So treat this condition, and get your cat regularly monitored by a vet for warning signs.

3. Kidney Disease

Kidney disease is prevalent in senior cats, also known as renal failure. Its symptoms usually include more thirst and less urination. The earlier you catch the signs of the disease, the more successful the treatment is.

Kidneys perform many essential functions that play a vital role in promoting your cat’s health. Therefore, consult a vet immediately if you suspect your cat shows signs of dehydration, weakness, or weight loss.

Also, if your cat is more than ten years old, evaluate her condition by a vet twice a year. Ask your vet for advice on special food and supplements designed to fight off kidney disease in your cat.

4. Gastrointestinal Issues

An upset tummy is an obvious sign that something is bothering your cat. The gastrointestinal issue usually involves the signs of vomiting, diarrhea, digestive disturbance, and constipation. Also, from food sensitivity to a parasitic worm, many reasons cause your cat to suffer from GI distress.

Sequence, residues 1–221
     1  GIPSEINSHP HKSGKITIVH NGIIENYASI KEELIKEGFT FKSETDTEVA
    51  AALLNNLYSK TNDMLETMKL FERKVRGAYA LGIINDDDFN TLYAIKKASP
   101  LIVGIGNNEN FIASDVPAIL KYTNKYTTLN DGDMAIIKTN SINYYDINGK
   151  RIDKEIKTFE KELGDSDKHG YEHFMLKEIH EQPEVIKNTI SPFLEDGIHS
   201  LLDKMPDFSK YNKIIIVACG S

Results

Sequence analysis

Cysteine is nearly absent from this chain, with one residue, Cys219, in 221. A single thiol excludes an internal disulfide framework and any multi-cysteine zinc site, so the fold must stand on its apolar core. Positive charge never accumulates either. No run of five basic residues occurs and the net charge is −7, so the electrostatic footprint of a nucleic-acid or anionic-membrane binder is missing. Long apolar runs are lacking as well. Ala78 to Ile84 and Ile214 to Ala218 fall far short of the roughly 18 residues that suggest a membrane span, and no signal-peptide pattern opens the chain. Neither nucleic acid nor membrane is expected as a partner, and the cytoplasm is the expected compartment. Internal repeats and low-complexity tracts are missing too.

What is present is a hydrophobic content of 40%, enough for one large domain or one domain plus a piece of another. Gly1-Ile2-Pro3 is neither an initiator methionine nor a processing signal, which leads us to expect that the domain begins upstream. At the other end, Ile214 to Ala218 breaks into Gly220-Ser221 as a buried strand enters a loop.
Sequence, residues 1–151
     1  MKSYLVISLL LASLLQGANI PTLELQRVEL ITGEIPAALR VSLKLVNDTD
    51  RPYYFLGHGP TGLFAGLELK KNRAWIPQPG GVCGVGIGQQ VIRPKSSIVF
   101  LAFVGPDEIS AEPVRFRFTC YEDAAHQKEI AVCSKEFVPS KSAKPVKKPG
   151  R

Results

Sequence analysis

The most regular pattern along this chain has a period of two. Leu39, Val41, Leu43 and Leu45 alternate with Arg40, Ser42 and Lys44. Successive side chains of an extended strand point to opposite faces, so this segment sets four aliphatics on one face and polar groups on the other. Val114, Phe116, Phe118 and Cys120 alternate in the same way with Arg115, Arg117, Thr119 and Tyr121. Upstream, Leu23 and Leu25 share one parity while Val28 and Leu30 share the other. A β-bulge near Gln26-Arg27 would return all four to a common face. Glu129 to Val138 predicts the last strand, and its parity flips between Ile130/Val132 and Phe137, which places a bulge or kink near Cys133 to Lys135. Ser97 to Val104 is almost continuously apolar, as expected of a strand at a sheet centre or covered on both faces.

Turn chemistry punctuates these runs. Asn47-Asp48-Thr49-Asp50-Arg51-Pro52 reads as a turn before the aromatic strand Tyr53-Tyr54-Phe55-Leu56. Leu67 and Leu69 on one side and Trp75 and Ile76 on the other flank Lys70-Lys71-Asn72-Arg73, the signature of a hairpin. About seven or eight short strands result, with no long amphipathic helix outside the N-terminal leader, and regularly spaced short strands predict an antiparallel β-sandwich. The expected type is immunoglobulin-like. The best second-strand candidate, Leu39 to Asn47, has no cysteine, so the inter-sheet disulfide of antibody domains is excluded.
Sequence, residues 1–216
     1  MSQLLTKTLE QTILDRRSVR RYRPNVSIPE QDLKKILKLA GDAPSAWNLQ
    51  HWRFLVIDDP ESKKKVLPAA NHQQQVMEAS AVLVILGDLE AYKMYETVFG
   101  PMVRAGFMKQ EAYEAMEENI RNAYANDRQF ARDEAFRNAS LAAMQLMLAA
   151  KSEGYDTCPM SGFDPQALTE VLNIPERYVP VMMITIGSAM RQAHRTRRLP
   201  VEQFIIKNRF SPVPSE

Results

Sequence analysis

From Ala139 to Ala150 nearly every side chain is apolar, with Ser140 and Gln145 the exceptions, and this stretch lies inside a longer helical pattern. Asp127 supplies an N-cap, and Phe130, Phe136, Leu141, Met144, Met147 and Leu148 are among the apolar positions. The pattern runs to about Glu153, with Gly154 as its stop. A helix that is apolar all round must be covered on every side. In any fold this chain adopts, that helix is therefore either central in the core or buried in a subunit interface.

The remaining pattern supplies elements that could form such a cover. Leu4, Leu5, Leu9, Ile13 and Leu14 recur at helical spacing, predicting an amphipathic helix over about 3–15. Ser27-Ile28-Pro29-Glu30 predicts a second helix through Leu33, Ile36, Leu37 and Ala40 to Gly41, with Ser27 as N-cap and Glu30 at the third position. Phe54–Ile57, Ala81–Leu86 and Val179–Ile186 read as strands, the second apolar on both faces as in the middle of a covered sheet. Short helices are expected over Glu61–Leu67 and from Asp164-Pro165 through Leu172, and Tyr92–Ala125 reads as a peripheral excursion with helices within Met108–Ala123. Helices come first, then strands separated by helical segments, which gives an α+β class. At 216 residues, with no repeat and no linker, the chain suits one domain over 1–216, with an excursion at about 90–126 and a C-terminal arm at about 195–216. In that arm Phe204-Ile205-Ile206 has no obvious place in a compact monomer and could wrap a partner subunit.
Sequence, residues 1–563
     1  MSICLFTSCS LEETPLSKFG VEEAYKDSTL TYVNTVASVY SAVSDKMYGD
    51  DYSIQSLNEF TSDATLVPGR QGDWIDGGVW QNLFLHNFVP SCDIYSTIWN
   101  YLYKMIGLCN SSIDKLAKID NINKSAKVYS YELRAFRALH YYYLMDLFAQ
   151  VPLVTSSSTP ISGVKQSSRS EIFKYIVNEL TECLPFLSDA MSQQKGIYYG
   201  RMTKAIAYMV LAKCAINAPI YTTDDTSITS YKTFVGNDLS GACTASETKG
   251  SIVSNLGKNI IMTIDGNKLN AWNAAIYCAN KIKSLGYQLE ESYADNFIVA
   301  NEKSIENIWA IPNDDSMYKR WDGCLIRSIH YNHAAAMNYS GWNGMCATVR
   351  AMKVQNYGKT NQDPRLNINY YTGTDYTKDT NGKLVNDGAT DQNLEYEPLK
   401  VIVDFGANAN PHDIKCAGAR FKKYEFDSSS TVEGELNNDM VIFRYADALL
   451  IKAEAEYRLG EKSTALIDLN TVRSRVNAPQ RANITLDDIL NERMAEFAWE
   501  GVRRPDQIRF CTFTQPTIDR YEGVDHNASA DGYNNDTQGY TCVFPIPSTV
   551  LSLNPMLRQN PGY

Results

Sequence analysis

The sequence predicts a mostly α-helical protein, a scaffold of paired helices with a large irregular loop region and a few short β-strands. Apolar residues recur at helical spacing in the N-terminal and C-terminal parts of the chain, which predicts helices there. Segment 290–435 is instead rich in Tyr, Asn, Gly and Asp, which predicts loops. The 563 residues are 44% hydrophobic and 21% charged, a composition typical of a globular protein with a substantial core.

Keep toxic substances away from your cat’s reach. If you think that your cat’s regular diet is causing a problem, then discuss it with your vet before making any sudden changes in its diet.

Fluffy cat lying on floor


Feline Lower Urinary Tract Disease, or FLUTD, is a prevalent urinary infection in cats, and this infection is hard to diagnose without a urine test. Urinary stones and urethral obstruction are also types of FLUTD that severely affect pet cats.

If your cat is strained to urinate, producing little urine, or urinating outside the litter box, it could signify feline urinary tract disorder.